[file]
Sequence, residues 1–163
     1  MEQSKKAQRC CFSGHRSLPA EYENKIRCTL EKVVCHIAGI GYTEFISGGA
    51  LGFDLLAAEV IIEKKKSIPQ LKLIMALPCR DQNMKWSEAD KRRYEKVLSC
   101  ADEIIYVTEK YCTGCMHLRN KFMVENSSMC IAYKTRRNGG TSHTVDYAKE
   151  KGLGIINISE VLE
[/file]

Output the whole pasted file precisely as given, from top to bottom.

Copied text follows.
Sequence, residues 1–163
     1  MEQSKKAQRC CFSGHRSLPA EYENKIRCTL EKVVCHIAGI GYTEFISGGA
    51  LGFDLLAAEV IIEKKKSIPQ LKLIMALPCR DQNMKWSEAD KRRYEKVLSC
   101  ADEIIYVTEK YCTGCMHLRN KFMVENSSMC IAYKTRRNGG TSHTVDYAKE
   151  KGLGIINISE VLE